Dan Sandman

07: The Brothers Karamazov by Fyodor Dostoevsky

In Books, Crime, Fiction on 14/02/2014 at 12:00 pm

The Brothers Karamazovs by Fyodor DostoevskyI must confess, that as I write this week’s review, I am merely on page 634 of this epic, engrossing novel. This is the second time I have not quite been determined enough to accomplish my aim – “to read a book every week for a year and write about it here” – the first occasion being when I attempted The Portrait of A Lady by Henry James last October. Still, as I did in the previous case, today I will write my thoughts and publish to deadline at 12 o’ clock.

This classic novel is exciting, intelligent, deep and action-packed; brim full of melodrama, mystery, debate and detection. Despite the intimidating size and potentially confusing Russian names,  Dostoevsky is actually well suited to our modern sensibilities. Minus the contemporary trend for concise sentences and precisely focused plots, this massively fleshed out murder story still feels cutting edge.

Composed of four parts and originally released in magazine installments, this 19th century book uses many devices that we would recognize from today’s soap-operas; for example, cliffhangers, reveals and who-done-its. The themes are in some respects comic book too, both in terms of colourful presentation and topic. There are drinking binges, wads of money, dual pistols, family rows, ‘domestics’, maddened lovers and a host of other delightfully entertaining props and occurrences. But Dostoevsky really scores points, raising his story to great literary heights, when he uses his psychologically astute eye – for example, to talk of the mother’s influence on a character – and his intellectual knowledge to discuss the topics of his time.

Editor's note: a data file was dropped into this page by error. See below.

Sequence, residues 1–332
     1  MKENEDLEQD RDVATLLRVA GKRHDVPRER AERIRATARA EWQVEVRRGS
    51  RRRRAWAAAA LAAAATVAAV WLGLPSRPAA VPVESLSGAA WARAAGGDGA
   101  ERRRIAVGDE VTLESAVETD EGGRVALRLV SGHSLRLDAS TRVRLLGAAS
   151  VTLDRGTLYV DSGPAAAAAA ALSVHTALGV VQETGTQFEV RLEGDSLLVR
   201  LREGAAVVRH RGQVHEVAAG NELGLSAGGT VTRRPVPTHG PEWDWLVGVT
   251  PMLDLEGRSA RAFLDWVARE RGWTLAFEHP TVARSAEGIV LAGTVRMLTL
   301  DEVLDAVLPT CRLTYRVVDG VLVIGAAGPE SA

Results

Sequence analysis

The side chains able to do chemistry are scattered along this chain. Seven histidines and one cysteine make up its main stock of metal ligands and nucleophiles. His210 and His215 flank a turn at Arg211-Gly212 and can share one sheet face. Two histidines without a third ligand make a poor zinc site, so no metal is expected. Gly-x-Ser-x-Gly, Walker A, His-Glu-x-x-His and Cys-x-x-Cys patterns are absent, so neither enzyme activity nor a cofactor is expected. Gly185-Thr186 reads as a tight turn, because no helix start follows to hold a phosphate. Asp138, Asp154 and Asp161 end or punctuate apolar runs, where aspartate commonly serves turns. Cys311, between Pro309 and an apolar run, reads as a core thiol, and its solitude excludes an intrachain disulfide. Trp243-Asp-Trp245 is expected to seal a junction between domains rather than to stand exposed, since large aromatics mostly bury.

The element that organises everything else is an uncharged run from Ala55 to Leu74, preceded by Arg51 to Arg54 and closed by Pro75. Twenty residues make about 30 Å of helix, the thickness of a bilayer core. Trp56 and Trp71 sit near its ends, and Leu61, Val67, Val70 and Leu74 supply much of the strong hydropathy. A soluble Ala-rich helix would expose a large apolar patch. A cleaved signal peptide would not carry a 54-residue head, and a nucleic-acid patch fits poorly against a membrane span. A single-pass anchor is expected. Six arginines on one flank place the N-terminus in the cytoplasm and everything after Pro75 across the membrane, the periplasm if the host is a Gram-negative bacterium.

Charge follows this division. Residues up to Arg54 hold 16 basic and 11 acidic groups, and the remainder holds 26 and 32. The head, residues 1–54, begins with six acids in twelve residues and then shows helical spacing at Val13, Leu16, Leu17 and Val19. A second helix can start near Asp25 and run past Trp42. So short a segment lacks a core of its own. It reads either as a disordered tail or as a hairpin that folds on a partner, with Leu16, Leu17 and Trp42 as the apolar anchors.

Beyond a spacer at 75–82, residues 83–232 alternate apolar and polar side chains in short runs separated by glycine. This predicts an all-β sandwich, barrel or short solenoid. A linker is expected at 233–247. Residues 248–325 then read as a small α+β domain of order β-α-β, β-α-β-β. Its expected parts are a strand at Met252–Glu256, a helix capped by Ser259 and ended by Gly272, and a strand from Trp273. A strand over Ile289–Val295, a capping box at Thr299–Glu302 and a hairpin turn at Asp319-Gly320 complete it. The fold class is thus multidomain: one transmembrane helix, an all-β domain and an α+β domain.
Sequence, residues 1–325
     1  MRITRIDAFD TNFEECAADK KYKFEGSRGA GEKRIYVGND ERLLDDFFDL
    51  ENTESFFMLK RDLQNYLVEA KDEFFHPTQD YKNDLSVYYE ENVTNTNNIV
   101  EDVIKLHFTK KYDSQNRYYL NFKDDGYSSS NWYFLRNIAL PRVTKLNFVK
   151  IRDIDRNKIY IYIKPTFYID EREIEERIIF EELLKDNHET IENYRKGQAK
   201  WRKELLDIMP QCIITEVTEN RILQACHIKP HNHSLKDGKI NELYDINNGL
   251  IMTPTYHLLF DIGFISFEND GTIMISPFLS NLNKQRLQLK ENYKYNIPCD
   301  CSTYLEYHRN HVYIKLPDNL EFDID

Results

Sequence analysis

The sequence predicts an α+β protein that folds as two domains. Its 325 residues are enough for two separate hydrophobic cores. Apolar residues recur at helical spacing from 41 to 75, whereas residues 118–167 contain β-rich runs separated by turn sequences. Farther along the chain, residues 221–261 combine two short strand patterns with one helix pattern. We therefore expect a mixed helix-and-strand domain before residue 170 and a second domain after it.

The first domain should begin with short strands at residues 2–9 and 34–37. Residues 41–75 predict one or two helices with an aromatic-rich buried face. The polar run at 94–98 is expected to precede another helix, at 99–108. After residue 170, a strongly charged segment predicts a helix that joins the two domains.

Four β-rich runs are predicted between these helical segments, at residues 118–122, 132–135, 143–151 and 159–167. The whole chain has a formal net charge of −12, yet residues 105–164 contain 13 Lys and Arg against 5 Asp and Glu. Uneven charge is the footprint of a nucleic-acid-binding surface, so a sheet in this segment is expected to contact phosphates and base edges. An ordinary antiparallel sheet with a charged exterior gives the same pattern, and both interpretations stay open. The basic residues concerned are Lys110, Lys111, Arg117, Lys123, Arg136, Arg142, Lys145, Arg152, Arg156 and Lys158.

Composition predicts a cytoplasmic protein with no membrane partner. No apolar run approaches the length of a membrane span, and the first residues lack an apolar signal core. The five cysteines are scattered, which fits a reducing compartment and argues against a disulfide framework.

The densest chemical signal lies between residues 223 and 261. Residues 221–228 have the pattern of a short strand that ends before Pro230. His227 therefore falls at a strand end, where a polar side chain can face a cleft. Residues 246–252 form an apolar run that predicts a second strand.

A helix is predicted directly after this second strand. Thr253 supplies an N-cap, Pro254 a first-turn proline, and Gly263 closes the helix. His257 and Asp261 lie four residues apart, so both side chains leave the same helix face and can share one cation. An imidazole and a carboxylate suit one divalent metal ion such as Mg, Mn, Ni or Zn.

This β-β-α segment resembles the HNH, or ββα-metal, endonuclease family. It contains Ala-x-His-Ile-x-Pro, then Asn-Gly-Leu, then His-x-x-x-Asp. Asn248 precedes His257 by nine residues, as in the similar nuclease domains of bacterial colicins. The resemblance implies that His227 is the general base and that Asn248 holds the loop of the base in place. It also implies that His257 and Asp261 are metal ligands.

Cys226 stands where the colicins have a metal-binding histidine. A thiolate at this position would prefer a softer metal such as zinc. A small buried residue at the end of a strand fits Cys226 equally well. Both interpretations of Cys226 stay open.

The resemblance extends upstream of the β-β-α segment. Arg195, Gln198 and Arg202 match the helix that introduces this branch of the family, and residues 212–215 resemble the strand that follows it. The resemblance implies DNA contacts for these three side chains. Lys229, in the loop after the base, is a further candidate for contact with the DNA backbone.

The result of all the above is a riveting good yawn, with many further depths that would warrant further reading. Like Shakespeare, Dostoevsky portrays human emotions and character motivation in a brilliantly versatile way. He peers at all walks of society, from master to servant; from holy man to government official. Not afraid to veer off from the central plot, he is as canny when talking about schoolyard politics as he is when discussing socialism. From reading this one book, if only up to page 634, I have certainly learnt much about the late 19th century and the human soul. Once again, my pursuit of good fiction has lead to history, psychology, philosophy, and theology lessons.

Only one hundred and forty-two pages – plus a courtroom drama – to go.

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  1. I just read this book for the first time last year, and thought it packs a very good return on the considerable investment of time and energy it takes to get through it. It was so interesting that it was fairly easy to get through, despite being profound enough to be fairly demanding reading. Alyosha Karamazov is one of the most appealing characters I’ve come across in a long time.

    • Cool, when I finished it and took it back to the library yesterday, the librarian agreed that it’s worth the effort. You’re right, it is relatively easy going and has stood the test of time. I think it still works because it’s very entertaining and has a strong plot. Originally it would have been released in magazine installments – hence the cliffhangers. I wonder how receiving the story in parts would make it feel different? It would certainly feel lighter in weight than the door-stopper I was reading!

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